Discuss this Week's Bible Readings

I thought it would be fun for us to discuss the Sacred Readings from/for each Sunday Liturgy. We have a new young Priest and he is a gifted homilist (thanks be to God). I also attend a weekly Men’s Bible Study, which I get a lot out of, and Fr. Matthew adds even more depth come Sunday.

I think if we all share here, we can all grow as Christians in God’s Word.

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This past Sunday, Jesus prays Psalm 22 while suffering on the Cross.

"And at three o’clock Jesus cried out in a loud voice, ‘Eloi, Eloi, lema sabachthani?’ which is translated, “My God, my God, why have you forsaken me?” — Mark 15:34

Fr. Matt invited us to read all of Psalm 22 this Week. I have not done it yet, but I will tonight.

I just did my Bible Study with my co-worker (who is Protestant) and the last verse mentioned in the devotional was from Hebrews 13:5, “I will never forsake you nor abandon you.”

God does not give up on us. Nor should we give up on Him.

Deuteronomy 31:6 says, “Be strong and steadfast; have no fear or dread, for it is the Lord, your God, who marches with you; he will never fail you nor forsake you.”

God’s divine promise to Joshua (Moses’s successor), if Israel totally relies on the Lord for victory is as such, “As I was with Moses, I will be with you. I will not leave you nor forsake you” (Joshua 1:5).

Per Fr. Matthew’s challenge to read all of Psalm 22 this Week, I read it just prior to doing this devotional with my co-worker. I can see why Jesus chose this Prayer nearing the end of His Passion. It foreshadows all that Jesus had just gone through.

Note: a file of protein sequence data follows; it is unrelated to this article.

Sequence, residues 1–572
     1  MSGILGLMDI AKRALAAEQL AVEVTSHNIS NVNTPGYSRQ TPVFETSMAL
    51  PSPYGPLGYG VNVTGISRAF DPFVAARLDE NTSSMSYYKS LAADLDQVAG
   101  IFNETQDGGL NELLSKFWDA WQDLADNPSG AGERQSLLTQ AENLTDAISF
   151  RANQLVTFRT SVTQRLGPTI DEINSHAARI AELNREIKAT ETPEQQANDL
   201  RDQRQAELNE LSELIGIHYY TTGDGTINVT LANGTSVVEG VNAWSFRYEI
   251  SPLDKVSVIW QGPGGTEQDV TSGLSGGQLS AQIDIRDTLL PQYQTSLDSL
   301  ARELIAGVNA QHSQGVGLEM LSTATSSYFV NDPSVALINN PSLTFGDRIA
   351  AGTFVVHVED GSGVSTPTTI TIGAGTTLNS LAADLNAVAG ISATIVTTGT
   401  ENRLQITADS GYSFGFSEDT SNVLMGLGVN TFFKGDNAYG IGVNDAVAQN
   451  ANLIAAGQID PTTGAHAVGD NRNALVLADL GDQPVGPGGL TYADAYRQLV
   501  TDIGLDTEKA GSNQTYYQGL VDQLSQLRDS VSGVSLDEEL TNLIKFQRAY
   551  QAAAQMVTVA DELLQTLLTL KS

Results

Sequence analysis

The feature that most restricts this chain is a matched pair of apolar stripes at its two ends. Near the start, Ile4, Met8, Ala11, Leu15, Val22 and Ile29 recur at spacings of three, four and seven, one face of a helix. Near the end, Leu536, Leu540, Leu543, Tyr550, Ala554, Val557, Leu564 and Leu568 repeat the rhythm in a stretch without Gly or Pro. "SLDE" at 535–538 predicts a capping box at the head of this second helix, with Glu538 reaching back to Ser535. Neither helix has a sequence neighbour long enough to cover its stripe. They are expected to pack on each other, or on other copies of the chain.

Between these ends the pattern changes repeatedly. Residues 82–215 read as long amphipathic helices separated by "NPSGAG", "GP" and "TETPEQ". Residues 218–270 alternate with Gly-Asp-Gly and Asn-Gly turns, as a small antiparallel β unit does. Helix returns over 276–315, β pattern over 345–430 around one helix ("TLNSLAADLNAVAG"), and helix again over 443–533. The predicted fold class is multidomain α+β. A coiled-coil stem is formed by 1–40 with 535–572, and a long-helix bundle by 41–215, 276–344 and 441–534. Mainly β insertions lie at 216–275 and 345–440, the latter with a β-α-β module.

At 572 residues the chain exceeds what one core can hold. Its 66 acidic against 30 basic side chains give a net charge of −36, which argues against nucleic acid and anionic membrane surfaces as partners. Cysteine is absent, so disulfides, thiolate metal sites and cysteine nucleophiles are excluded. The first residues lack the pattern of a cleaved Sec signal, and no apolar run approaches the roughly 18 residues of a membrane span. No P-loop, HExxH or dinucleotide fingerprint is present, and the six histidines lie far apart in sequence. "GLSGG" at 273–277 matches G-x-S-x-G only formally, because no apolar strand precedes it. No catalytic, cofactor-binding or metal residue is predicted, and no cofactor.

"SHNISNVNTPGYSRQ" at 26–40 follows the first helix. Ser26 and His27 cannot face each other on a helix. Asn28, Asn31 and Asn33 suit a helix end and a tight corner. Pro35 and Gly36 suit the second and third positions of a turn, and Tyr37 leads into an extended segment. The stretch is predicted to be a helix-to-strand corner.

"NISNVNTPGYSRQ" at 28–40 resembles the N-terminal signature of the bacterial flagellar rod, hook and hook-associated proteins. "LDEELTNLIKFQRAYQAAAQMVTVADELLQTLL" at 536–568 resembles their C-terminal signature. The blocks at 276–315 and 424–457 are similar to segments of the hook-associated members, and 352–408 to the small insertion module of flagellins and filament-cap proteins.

Some believe Jesus felt abandoned by God on the Cross, but I believe He was finding comfort and strength in the Psalm. Not only did this Psalm speak to Him, but this Psalm spoke of Him.

Jesus was fulfilling what the ancient Scriptures prophesied. And Jesus is the answer to their/our Prayer.

I’m not sure it was a Sunday reading, but recently we heard Luke 24 about the two disciples walking to Emmaus. Only a few years ago, after 60-some Easters (the first few of which I don’t remember :grinning:), I realized that the disciples recognized Jesus in the breaking of the bread only a few days after Jesus had instituted the Eucharist, and the two who were going to Emmaus hadn’t been at the Last Supper. So during the days we now call the Easter Triduum, the Apostles must have taught the other disciples about the breaking of the bread and presumably were practicing it.

This blew my mind too the first time I heard it. Since then, it has become one of my favorite moments.

This kind of ties into this Sunday’s Gospel Reading. When the disciples see Jesus, they think they are seeing a ghost.

Our risen Lord shows them His hands and His feet in the flesh. Then He eats baked fish to prove to them that He is not a ghost.

Then Jesus reveals to them how the fulfillment of Scripture has come!

How would you have reacted if you saw Jesus in bodily form after He had been dead for three days?! There would probably be a puddle under my sandals : )

Our readings on the 1962 calendar for today are the Good Sheperd passages. The homily tied in nicely with all the issues with the hierarchy these days and was a perfect continuation of the homily we heard from Cardinal Burke Thursday on the feast of St. Leo the Great. What a blessing to be at a Mass celebrated by such a holy man as Cardinal Burke.

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It’s interesting that He didn’t say, “There’s no such thing as ghosts!”

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Very true. Never really thought of that : )